There was a general show of support, but surprisingly, there were some that Danielle’s friend wouldn’t even share with her. The one that got me was one wealthy parent that had just recently bragged to Danielle about spending $40K on a home renovation, even asked about a couple of hundred-dollar refund. Considering at the time Danielle was out of work, and we didn’t have enough to cover the six months of treatment, it felt thoughtless. It is hard when people are more concerned about themselves than others.

Thankfully not all people behaved poorly, and many people just showed their unconditional support. We received a dozen gift cards to the local healthy grocery stores, which were such a relief for us. I still can’t express the gratitude we felt. Danielle also loved the people who sent her a text every week, saying they were thinking about her. Most were wishing they could see her, even though she wanted her privacy. Although we found through experience, there is a fine line to being respectful of people’s boundaries and pushing individual needs over those boundaries. Making someone feel guilty for wanting their privacy is a behavior that we found appalling. Danielle dealt with this issue from both friends and family.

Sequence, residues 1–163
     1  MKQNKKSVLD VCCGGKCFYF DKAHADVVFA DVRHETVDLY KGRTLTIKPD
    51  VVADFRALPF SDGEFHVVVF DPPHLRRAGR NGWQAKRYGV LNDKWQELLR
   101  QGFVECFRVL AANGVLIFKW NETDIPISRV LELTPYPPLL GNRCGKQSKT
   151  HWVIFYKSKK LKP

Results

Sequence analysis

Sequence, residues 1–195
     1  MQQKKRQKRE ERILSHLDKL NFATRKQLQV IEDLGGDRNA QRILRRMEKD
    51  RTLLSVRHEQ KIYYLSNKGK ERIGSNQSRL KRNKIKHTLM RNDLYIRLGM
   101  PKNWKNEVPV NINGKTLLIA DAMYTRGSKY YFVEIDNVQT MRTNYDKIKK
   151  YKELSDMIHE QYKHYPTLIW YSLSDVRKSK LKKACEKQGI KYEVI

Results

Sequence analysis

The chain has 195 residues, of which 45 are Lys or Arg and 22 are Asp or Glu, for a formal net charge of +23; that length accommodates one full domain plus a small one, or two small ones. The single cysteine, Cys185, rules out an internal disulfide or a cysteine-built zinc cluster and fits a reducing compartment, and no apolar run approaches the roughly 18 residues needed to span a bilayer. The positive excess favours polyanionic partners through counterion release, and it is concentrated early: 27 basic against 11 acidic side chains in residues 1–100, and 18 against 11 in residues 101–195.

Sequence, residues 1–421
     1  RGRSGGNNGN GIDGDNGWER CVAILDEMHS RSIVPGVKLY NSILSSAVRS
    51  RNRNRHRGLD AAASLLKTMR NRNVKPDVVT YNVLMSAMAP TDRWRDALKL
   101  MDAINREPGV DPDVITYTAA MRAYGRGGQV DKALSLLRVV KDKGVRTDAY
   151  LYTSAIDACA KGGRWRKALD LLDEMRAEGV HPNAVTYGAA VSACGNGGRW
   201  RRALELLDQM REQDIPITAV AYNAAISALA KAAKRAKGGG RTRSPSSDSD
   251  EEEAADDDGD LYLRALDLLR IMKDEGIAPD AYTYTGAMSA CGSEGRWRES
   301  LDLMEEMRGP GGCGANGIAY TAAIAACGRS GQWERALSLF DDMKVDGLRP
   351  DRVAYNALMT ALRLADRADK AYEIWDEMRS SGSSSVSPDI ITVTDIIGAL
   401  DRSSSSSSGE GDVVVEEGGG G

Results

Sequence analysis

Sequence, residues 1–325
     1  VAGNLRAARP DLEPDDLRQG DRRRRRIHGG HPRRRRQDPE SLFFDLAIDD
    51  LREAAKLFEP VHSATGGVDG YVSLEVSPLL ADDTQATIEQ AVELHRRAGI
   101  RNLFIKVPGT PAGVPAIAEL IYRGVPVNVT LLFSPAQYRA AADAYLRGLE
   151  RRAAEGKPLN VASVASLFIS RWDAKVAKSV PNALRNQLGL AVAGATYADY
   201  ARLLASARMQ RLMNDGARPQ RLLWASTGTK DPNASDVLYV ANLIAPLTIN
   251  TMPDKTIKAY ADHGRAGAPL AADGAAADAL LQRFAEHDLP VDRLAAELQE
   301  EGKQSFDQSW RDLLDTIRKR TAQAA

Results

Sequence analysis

We choose to live at my house for an extra level of protection from the public. No one knew where I lived except the friends she told. My roommate was also a saint and helped us out immeasurably respecting Danielle’s privacy. She didn’t tell anyone at her work what was happening because she didn’t want loose lips to tell people anything that wasn’t the complete truth. It was important to her that the message she gave everyone would be perfect. There was no room for error when it came to communicating with the community. Danielle said misheard rumors were common in Sedona. Maybe rich people have nothing better to do.